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Expert reveals the domino effect of stress and abnormal sleep on male and female fertility

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  • Australia’s top Fertility expert Leah Hechtman ND addressed the negative impact of stress and circadian disruption on male and female reproductive function
  • Environmental disruption of the body’s molecular clock is linked to reproductive dysfunction and subfertility
  • Science of key antioxidant Ubiquinol under spotlight

There is a correlation between abnormal sleep and stress and decreased male and female fertility, said one of Australia’s leading fertility experts in her keynote, The Domino Effect —Conception and the Endocrine System, delivered today at the BioCeuticals Symposium 2021.

Themed Enhancing Mental Wellbeing: Navigating Modern-Day Life, the symposium saw Hechtman outlining the impact of stress and circadian disruption on fertility, focusing on the influence of stress and abnormal sleep on mitochondrial function and endocrine health.

“Abnormal sleep is associated with erectile dysfunction, low testosterone and reduced fecundity and sperm count in males. In women, abnormal sleep — especially shift work — has been shown to alter menstrual cycles, increasing the risk of endometriosis, early menopause, reduced birth rate, increased preterm birth and miscarriage”, said Hechtman.

Delivering her address to hundreds of health practitioners and delegates, Hechtman, a globally renowned expert in fertility, functional and nutritional medicine, also addressed the negative influence of stress on male and female fertility.

“Chronic stress in males decreases testosterone and alters spermatogenesis; affects erectile function and can cause ejaculatory problems. Stress in women delays or inhibits the LH surge required for ovulation, increasing the risk of anovulation, and creating an unfavourable environment for implantation,” said Hechtman.

Recent studies showing the effect of mitochondrial dysfunction on nervous system, immune and endocrine health has highlighted the importance of stress pathophysiology on mitochondrial function and its potential influence on fertility.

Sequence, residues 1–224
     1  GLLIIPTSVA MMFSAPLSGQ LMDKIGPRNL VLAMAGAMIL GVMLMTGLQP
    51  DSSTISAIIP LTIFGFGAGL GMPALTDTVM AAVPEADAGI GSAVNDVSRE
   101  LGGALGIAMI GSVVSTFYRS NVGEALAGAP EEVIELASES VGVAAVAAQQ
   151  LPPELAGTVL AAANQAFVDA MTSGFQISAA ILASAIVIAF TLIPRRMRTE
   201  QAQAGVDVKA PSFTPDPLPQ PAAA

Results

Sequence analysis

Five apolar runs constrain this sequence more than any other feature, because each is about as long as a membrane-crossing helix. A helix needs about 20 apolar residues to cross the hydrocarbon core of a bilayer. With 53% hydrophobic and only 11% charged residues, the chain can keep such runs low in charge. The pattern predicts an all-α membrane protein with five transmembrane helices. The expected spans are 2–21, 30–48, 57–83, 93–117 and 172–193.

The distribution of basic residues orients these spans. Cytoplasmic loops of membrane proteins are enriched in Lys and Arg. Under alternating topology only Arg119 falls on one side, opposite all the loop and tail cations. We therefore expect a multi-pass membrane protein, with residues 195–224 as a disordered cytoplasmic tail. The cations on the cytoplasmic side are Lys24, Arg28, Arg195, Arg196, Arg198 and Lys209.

“All types of stress impacts mitochondrial health and viability. Acute stress increases mitochondrial biogenesis and chronic stress decreases mitochondria biogenesis and creates systemic recalibrations in the mitochondria,” said Hechtman.

“Ubiquinol, the active form of CoQ10, is the primary antioxidant in the body that supports mitochondrial energy production. Ubiquinol plays a key role in helping to fight ROS (Reactive Oxygen Species), supports healthy blood vessel formation, autonomic nervous system function and promotes mitochondria biogenesis,” she said.

“Studies show that ubiquinol assists in supporting mitochondrial optimisation, supporting sperm density (count), motility and morphology,” said Hechtman.

“Regarding female fertility, the female egg is one of the largest cells in the human body and has the highest concentration of mitochondria. The oocyte needs a vast supply of energy after fertilisation to support spindle formation, chromatid separation, and cell division. Nutrients that support mitochondrial energy through ATP production, such as Ubiquinol, may help support mitochondrial health,” she said.

The symposium hosts global key opinion leaders in integrative medicine and mental health, including Dr Ron Ehrlich, Professor Kerryn Phelps, Dr Austin Perlmutter and Professor Julia Rucklidge among others.

To learn more about the BioCeuticals Symposium, please visit

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